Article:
What this article is about
If you are looking to be, or already are a developer, then I’d think it likely that you have a good idea of what programming is and probably an idea of some of the different languages on offer. If however you are a designer, writer, artist or marketer then you probably don’t. Worse still, you will probably at some point have to work with somebody does. Thus follows a list of the languages that you may need to know exist and have a rough idea of how they work, that way when a developer says to you “lets use a combination of C# and PHP” you can tell him that maybe he needs to think this through a little more.
I’ve split the languages into three different sections: server side, client/user side and data definition. Data definition languages will not come with tutorial links as they’re best used in combination with something else and often covered there.
These languages run on the server that’s “on the internet”. The user never sees any of the code and in most cases probably won’t even be aware that something complicated is happening. Server side languages are used for creating forums, contact forms and blogs to name 3 common examples. The upside is that you have exactly the same environment for everything (so no worrying about different browsers) and also a central store of information such as a database.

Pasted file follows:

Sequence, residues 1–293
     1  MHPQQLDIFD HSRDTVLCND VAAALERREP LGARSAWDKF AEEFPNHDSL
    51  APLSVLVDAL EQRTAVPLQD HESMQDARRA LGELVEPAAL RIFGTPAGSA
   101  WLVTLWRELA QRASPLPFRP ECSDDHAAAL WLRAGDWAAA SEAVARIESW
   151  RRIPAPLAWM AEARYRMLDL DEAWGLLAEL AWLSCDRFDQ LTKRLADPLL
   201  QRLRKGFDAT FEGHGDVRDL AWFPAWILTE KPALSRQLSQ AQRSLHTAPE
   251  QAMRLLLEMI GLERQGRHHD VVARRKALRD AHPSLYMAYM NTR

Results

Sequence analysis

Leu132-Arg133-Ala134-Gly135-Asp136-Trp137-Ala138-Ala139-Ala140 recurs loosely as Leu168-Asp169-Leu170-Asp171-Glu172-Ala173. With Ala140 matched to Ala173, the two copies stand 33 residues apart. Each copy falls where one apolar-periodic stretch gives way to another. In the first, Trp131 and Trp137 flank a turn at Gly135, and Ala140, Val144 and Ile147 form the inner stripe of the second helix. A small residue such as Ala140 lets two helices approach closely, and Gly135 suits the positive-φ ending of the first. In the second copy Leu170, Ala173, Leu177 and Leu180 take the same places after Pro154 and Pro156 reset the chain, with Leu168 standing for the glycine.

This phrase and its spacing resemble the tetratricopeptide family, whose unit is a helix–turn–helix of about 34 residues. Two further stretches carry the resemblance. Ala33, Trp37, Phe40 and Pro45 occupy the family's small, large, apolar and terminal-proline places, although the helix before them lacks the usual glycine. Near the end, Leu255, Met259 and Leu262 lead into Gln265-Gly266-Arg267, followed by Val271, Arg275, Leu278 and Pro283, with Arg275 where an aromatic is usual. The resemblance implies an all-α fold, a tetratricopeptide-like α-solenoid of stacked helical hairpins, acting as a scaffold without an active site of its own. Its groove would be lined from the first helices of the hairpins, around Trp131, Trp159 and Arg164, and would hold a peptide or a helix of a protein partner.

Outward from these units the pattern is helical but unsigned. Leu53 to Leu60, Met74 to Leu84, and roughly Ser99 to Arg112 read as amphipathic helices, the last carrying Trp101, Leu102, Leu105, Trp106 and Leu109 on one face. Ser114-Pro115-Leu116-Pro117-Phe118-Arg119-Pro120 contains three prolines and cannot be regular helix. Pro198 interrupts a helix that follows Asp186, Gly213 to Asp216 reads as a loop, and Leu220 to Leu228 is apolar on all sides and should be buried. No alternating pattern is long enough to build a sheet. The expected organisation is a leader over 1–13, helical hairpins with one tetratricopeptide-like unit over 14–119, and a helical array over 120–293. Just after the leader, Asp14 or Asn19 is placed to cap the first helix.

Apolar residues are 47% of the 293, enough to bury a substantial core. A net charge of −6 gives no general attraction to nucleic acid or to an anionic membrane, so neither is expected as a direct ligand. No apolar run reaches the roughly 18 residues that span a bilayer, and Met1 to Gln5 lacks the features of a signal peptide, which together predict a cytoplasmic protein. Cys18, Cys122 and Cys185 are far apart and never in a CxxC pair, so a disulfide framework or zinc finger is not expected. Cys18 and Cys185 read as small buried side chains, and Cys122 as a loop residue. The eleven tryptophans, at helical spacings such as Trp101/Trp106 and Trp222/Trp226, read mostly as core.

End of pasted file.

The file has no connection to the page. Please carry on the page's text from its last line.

These cause things to happen on the user’s computer. The user sees the code and if they want can edit it, therefore you cannot use these languages to connect to your database or perform secure actions such as logging in. They do however allow your page to become “interactive”.
Essentially these languages don’t quite fit into either of the above, yet are something it’s worth knowing about because some of them are very popular. These languages basically store information, that’s it.
Server side languages
It’s free, and it’s supported by most hosting providers on the internet. It’s used for wordpress, phpBB, and on Scrunchup to name just a few. Aside from being free and widely supported, it also has extensive documentation, many tutorials and also connects easily to MySQL databases (covered later under data definition). The best tutorial site I have found for it is Practical PHP Programming.
The reputation of this language is one of boredom, bloat and general ickyness. It is not as “fun” as Ruby, it is more bloated than Python and is a lot stricter than PHP. These are not bad things, Java has an incredible range of features, is very well developed and secure. Sun know what they are doing and if I were to write a large scale application for something such as a local government, I would consider Java. Tutorials are not hard to come by, but the Sun website is a good starting point.
It is developed by Microsoft and thus requires a Windows server to run on. Microsoft have many tools for C# developers which makes developing with the language much easier and faster. It also connects with MsSQL very easily and has no shortage of online tutorials and help sites. It is an industry standard comparable to Java in the corporate world. Examples of where it is used are StackOverflow, Microsoft, and MSN. I have not learnt C# but the tutorial at csharp-station seems to cover the key points to get started.